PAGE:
Date of Graduation


Document Type


Degree Name

Bachelor of Science in Business Administration

Degree Level





Allee, Kris


Fraud is a serious issue which carries significant implications. Fraud committed by top level managers is particularly grievous, as it ripples through a firm, harming the company’s shareholders, employees, and credibility, while posing a threat to individuals and society (Zahra, et al.). A common framework in auditing, the fraud triangle, outlines three factors that if present, increase the risk or enable fraud to occur. The three factors are incentive, opportunity, and rationalization to commit fraud (Barlow).

In 2018, the Securities and Exchange Commission (SEC) charged Elizabeth Holmes, founder and CEO of a supposedly groundbreaking health tech company, Theranos, with what they referred to as “massive fraud” in a press release (“Theranos, CEO Holmes”). Following, in 2020, the United States charged Holmes with twelve counts of conspiracy and wire fraud (United States District Court for the Northern District Sa.).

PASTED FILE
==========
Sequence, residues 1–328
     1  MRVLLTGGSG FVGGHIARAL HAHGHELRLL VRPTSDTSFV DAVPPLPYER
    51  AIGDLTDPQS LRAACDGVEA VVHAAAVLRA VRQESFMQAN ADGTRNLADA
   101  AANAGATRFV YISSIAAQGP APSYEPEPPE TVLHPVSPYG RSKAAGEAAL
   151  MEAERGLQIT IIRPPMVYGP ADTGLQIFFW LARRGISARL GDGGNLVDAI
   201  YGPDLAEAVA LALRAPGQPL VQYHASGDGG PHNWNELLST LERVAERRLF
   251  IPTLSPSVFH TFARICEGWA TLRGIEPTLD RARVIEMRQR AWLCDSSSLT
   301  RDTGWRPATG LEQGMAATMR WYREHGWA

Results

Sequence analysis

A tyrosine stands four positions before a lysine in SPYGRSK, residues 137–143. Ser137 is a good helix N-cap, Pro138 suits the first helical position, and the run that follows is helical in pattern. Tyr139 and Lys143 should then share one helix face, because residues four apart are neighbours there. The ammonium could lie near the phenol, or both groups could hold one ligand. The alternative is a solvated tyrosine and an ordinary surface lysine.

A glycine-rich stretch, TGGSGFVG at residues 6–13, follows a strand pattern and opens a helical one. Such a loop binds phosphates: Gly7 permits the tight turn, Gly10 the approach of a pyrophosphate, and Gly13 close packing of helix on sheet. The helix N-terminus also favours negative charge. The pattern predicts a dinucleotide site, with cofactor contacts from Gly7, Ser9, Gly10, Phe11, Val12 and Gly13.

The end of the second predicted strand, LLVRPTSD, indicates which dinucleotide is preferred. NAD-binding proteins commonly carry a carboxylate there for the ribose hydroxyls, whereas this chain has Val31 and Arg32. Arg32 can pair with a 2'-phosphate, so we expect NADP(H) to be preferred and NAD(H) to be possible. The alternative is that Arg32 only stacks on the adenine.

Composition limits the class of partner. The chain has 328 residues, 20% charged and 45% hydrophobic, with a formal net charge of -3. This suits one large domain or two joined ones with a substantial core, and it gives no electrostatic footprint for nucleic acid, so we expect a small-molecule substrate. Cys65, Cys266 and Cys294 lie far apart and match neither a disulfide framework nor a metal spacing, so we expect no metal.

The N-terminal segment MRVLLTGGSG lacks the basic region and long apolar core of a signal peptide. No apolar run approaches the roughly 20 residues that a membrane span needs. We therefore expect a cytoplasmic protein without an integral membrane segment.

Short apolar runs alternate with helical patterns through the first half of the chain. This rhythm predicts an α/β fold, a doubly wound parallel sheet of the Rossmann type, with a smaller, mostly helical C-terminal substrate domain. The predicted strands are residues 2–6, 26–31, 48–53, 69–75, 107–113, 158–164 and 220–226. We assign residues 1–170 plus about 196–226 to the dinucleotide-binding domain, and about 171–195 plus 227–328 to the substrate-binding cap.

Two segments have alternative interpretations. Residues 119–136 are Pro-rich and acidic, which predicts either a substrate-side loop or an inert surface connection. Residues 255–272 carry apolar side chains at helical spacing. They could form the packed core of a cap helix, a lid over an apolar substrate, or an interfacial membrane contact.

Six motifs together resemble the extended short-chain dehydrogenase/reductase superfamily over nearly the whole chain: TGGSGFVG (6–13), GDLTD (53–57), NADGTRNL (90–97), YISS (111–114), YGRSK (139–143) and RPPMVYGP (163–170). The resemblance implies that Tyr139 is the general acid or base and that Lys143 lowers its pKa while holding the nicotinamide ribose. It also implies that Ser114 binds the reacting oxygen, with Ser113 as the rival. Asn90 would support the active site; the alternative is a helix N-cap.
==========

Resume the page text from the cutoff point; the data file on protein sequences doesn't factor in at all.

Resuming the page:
In consideration of the effects of fraud committed by top level managers, this thesis serves to offer an insight into how corporate fraud occurs via a case study on Theranos. An overview of the fraud triangle is first presented to discuss to how fraud is often carried out by top level executives. Analysis of the legal proceedings brought against Holmes will provide insight and understanding to the true scope and effects of fraud committed under her operations at Theranos. Finally, application of the fraud triangle will provide a narrative of how the conditions and management at Theranos enabled fraud to occur.


Theranos, Fraud, Fraud Triangle, Elizabeth Holmes, Board of Directors, Corporate Governance